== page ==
Every Moment a New Universe
we move between order and chaos
staged events easily end in chaos
there is no single reality
it is just one of many
causal connectedness
models exist

Ladislav Jezbera’s objects and installations are more than just the artist playing with volumes within space. They are a way of visualizing philosophical theories and the discoveries of physics and mathematics, and above all they are a contribution to contemporary sculpture. Jezbera’s minimalist objects and monumental installations are often made from non-sculptural materials from our everyday reality (used motor oil, styrofoam, printer’s ink, liquid soap) that contrast with the meditative character of the final work of art or the space thus created. Ladislav Jezbera explores the course of physical processes. He is interested in the extent to which the final outcome is influenced by minor changes in the structure of the used material or random changes in input parameters.

The exhibition at GASK’s Experimental Space follows on Jezbera’s series of traditionally sculpted marble plates that he exposed to the effect of chemical substances. In this case, the earlier use of lemon juice to corrode the beautiful polished marble is replaced by three CMYK colors that have soaked into the corners of the stone without disturbing its integrity. The volume of paint used was the limit that defined the pigment’s maximum possible permeation and absorption into the seemingly closed surface. The aesthetic objects are a specific commentary on the worlds/universes created by each and every one of us. We all possess a limited ability to understand all the things we see, hear, read, or follow in the media, and to prevent unwanted permanent deformations in our thinking. The volume and character of the information that we are exposed to shapes us / recolors us as needed, often without our realizing it… Hidden order, expressed through mathematical sequences and exact ratios, is incorporated into the space of an indoor swimming pool, a dark basement, or various Fractals made of polycarbonate sheets that Jezbera has filled with waste oil. Nothing is too low to be beautiful if given order. It all depends on your perspective. In Jezbera’s universe, everything moves not towards entropy and chaos, but towards order and harmony – HERE and NOW. NOTHING is both end and beginning, but above all it is the eternal duration of order.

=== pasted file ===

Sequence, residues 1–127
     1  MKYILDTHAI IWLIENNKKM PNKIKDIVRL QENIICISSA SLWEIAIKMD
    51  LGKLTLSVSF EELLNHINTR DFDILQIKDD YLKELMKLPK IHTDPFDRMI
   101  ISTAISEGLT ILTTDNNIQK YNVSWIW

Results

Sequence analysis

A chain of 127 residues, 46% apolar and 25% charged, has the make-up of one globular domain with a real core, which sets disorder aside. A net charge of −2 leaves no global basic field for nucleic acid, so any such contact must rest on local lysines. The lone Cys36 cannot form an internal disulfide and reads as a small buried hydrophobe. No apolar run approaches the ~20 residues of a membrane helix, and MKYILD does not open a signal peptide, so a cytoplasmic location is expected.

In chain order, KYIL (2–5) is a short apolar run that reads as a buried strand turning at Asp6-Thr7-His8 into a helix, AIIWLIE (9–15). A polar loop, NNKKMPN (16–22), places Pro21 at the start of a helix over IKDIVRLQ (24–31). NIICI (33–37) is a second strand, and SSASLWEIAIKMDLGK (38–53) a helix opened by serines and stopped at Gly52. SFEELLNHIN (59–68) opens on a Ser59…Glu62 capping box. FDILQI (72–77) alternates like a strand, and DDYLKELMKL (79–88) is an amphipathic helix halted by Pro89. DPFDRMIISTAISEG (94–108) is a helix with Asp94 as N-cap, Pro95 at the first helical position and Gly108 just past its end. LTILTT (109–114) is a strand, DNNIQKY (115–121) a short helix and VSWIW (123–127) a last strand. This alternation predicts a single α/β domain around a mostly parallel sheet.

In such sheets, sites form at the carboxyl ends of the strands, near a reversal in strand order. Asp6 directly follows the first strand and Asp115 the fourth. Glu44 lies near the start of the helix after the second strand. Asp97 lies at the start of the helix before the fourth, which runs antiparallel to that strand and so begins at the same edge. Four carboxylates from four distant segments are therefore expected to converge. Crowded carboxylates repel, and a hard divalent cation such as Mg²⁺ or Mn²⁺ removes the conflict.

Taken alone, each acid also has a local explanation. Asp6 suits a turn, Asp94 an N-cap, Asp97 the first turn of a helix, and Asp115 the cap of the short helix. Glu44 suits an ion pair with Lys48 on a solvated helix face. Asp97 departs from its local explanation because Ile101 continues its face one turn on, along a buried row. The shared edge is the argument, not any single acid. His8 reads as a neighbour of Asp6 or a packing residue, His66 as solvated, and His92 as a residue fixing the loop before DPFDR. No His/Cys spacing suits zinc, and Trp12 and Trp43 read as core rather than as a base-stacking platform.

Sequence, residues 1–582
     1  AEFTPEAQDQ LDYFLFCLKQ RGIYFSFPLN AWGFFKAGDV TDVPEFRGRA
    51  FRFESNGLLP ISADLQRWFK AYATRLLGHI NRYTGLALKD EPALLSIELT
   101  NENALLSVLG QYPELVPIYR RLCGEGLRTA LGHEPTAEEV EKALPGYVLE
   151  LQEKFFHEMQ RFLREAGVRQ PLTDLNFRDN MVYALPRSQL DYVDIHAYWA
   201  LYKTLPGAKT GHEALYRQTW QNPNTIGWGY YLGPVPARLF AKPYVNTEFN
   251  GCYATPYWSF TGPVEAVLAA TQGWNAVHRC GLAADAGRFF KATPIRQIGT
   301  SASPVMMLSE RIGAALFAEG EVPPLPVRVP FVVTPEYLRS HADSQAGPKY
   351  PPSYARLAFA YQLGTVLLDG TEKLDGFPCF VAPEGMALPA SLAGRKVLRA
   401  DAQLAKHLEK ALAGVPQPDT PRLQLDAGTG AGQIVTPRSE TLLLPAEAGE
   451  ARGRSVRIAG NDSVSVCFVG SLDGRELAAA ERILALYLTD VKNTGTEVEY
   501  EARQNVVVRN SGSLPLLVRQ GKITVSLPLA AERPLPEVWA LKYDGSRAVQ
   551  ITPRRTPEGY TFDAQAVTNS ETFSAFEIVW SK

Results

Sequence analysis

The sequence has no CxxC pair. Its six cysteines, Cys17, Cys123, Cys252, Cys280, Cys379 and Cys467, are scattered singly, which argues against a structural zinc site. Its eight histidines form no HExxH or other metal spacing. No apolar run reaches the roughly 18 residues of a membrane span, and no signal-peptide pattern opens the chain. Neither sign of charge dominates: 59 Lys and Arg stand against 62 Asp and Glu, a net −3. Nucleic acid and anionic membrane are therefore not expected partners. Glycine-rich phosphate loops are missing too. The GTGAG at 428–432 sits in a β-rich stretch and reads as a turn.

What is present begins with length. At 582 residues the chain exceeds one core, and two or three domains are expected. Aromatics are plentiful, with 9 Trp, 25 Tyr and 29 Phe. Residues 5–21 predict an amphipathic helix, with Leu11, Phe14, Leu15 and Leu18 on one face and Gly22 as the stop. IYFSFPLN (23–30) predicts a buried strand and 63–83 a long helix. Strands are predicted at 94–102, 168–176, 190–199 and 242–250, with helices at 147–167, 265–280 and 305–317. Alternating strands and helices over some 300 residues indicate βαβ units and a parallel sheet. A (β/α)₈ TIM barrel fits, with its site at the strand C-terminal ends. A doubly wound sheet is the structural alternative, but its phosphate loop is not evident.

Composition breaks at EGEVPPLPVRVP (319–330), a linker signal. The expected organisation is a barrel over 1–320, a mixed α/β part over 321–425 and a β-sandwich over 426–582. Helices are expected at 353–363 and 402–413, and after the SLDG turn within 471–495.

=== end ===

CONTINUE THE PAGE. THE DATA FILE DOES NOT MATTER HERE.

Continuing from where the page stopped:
Ladislav Jezbera (*1976) is a sculptor and creator of large-scale installations and one of the most distinctive representatives of the post-minimalistic movement infected by conceptual tendencies in contemporary art. He approaches sculpture as working with space, not merely as playing with shapes integrated within one single object. Jezbera began his studies quite traditionally at the school of sculpture in the town of Hořice in the foothills of the Giant Mountains (1991–1995), where he learned to work with stone and modelling clay. He expanded on this knowledge in Vladimír Preclík’s wood studio at Brno University of Technology’s Faculty of Fine Arts in 1995–1998. But of central importance for his evolution as an artist was his time spent in Jan Ambrůz’s studio of spatial work (1998–2001), where he was able to develop and realize his ideas in the form of processual material installations that activated other senses in the viewer than sight – especially scent, a sense that is rarely associated with art. His works have appeared at numerous group and solo exhibitions. In 2006, he won an award at the Fondazione Arnaldo Pomodoro Biennial in Milan, Italy.